Chang­ing the world one neigh­bour­hood at a time

David Suzuki and com­pany’s plan for their on­go­ing Home­grown Park projects

Midtown Post - - Daily Planet - DAVID SUZUKI David Suzuki is the host of the CBC’s The Na­ture of Things and au­thor of more than 30 books on ecol­ogy.

“Make no lit­tle plans. They have no magic to stir men’s blood and prob­a­bly will not them­selves be re­al­ized.” That was Amer­i­can ar­chi­tect Daniel Burn­ham’s city­plan­ning ad­vice at the turn of the 20th century. More than 100 years later, he couldn’t be more wrong. Big, top-down build­ing projects no longer stir the imag­i­na­tions of North Amer­i­can city dwellers.

Small, cre­ative projects that make cities more liv­able are pop­ping up in un­ex­pected places: al­leys, front yards, va­cant lots and park­ing spa­ces. Whether its yarn-bombed street fur­ni­ture or guer­rilla gar­dens in over­looked spa­ces, these in­ter­ven­tions are help­ing to trans­form prop­er­ties and neigh­bour­hoods, one light, quick, cheap tweak at a time.

Last spring, res­i­dents of Toronto’s Palmer­ston Square took note when an old chalk­board sud­denly ap­peared on a tall, rusted school­yard fence that runs along their street — the first salvo from two par­tic­i­pants in the David Suzuki Foun­da­tion’s Home­grown Na­tional Park Project.

Passersby were en­cour­aged to write their de­sires for green im­prove­ments. Neigh­bours be­gan meet­ing. One fam­ily filled a per­pet­ual pot­hole with flow­ers. Oth­ers put benches in their front yards to be­gin “park­i­fy­ing” the block. Graf­fiti knit­ters yarn-bombed the chain-link fence. An artist and lo­cal kids cre­ated a DIY out­door ver­sion of fridge mag­net po­etry with plas­tic pipes cut in half, painted with words and hung on the fence with sim­ple S-hooks. Two gar­den planters were dug into spots where trees had per­ished.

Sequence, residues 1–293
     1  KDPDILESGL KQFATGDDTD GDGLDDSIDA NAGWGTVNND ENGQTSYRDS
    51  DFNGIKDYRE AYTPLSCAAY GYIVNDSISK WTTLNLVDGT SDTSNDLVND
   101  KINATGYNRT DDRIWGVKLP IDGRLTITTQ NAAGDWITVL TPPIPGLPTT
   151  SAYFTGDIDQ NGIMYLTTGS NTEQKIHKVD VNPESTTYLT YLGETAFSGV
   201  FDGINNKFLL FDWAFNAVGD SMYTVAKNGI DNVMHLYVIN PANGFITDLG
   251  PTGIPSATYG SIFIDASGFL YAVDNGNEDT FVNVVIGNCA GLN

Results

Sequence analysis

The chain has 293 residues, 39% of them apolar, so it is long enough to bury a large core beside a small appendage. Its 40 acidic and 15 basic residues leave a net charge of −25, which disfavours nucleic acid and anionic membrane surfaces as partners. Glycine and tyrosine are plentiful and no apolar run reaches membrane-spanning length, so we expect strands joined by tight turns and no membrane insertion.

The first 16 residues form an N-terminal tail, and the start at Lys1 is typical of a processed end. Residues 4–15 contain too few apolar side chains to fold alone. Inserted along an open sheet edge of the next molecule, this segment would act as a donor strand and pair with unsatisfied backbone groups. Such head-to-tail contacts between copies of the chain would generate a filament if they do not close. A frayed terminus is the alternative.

This spring, res­i­dents suc­cess­fully funded a project to re­place the en­tire stretch of as­phalt with a large pollinator-friendly gar­den. There’s even talk of re­mov­ing the fence. The rip­ple ef­fect: People from nearby streets have started or­ga­niz­ing their own in­ter­ven­tions, like a pollinator gar­den at the day­care and moss graf­fiti in an al­ley­way.

Re­plac­ing pave­ment with a pollinator gar­den on one small street won’t solve the vast is­sues our com­mu­ni­ties face, but lit­tle spa­ces per­haps hold the great­est po­ten­tial.

To make our cities truly green, we must bring na­ture to the oft­ne­glected bits be­tween parks and ex­ist­ing green ar­eas. Streets and side­walks ac­count for about 80 per cent of a city’s pub­lic space. Pri­vate spa­ces like yards, rooftops and bal­conies cover more than half the ur­ban land­scape. Stretch­ing our vi­sions of ur­ban green space to in­clude these al­lows us to reimag­ine the city as a vi­brant green mo­saic.

Squeez­ing more na­ture into cities re­quires cre­ativ­ity. It also needs par­tic­i­pa­tion from home­own­ers, property man­agers and ex­perts from fields like land­scape ar­chi­tec­ture and ur­ban plan­ning.

That’s why the David Suzuki Foun­da­tion and Work­shop Ar­chi­tec­ture launched the Home­grown De­sign Chal­lenge, an open com­pe­ti­tion that pro­vides an op­por­tu­nity to present ideas for low­cost, easy-to-im­ple­ment land­scape de­sign so­lu­tions for front yards, back­yards, bal­conies, school­yards and laneways that pro­vide en­vi­ron­men­tal ben­e­fits.

What can we take from this rev­o­lu­tion­ary wave of small, cre­ative in­ter­ven­tions? That res­i­dents can play an ac­tive, hands-on role in trans­form­ing the places they live, work, play and share. Mak­ing your com­mu­nity truly greener is a tall or­der. But start­ing small can pay big div­i­dends.

Play an ac­tive, hands-on role in trans­form­ing where you live

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